City Takes New Look at Moving, Restoring Brewster Hospital; Newest Estimate $1.7 Million to Rehabilitate Historic Structure

Article excerpt

Byline: GREGORY RICHARDS, The Times-Union

A plan to move and restore historic Brewster Hospital is being readied by Jacksonville City Hall -- again.

The latest version, being rolled out five years after the city's first draft, calls for moving the 120-year-old vacant hospital from the northwest to the northeast corners of Monroe and Davis streets in Jacksonville's LaVilla neighborhood. The building, Florida's first hospital and nursing school for blacks, would then be rehabilitated, possibly becoming museum and office space.

The work carries a price tag of $1.7 million, more than twice what the city had proposed budgeting for the project last year.

The City Council deferred approving $800,000 for the project last fall because it wasn't sure what the total bill for rehabilitating the structure would be; since then, a historic preservation expert determined the cost to be $1.7 million.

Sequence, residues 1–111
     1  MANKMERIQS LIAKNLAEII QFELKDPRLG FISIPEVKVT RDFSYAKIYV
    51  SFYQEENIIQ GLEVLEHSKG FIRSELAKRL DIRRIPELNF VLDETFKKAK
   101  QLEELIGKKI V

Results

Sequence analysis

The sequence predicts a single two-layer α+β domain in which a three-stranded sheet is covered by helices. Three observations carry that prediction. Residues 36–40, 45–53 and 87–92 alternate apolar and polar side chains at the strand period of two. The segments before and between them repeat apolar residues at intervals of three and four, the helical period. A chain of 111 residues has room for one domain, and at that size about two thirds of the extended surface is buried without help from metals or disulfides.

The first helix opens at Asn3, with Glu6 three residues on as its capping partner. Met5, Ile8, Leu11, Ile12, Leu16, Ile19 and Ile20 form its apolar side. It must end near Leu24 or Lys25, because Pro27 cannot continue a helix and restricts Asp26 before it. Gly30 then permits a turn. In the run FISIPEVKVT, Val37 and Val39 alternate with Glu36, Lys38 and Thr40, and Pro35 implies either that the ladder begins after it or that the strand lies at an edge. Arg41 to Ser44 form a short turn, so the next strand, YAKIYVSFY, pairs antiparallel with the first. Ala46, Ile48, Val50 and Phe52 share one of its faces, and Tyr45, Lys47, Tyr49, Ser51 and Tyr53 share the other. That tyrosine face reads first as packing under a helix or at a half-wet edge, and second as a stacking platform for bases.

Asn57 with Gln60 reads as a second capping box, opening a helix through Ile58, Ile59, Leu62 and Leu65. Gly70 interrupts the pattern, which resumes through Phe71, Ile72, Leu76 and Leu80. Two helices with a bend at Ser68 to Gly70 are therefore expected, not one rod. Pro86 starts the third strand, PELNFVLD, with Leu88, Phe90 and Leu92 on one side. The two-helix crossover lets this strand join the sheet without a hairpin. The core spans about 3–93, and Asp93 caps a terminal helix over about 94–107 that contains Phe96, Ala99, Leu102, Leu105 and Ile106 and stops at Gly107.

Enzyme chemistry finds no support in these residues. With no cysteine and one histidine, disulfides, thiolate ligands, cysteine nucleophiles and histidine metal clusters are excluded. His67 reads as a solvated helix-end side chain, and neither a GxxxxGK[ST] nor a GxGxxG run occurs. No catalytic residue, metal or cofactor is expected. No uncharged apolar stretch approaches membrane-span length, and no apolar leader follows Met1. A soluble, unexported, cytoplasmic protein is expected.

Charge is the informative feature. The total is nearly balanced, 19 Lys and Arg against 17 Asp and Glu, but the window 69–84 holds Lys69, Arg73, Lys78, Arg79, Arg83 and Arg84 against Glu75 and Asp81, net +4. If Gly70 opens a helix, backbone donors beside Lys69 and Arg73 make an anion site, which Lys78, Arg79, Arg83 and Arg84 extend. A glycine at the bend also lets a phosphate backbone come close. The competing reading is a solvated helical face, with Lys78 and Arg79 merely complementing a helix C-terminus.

Yet if the hospital is to be restored, doing so isn't getting cheaper. As proposals have come and gone over the years, the city-owned building has fallen further into disrepair. A look at the building now reveals missing windows, pieces of roofing lying on its lawn and pieces of wood ready to fall off the building.

"We don't need any more delays," said City Councilwoman Glorious Johnson, a longtime advocate of the project. "We need to secure it, move it and do work."

Making the move from architectural sketches to magnificently restored building means winning council approval for the money and, to a lesser extent, making sure the relocated building would retain state and federal historic building certification. …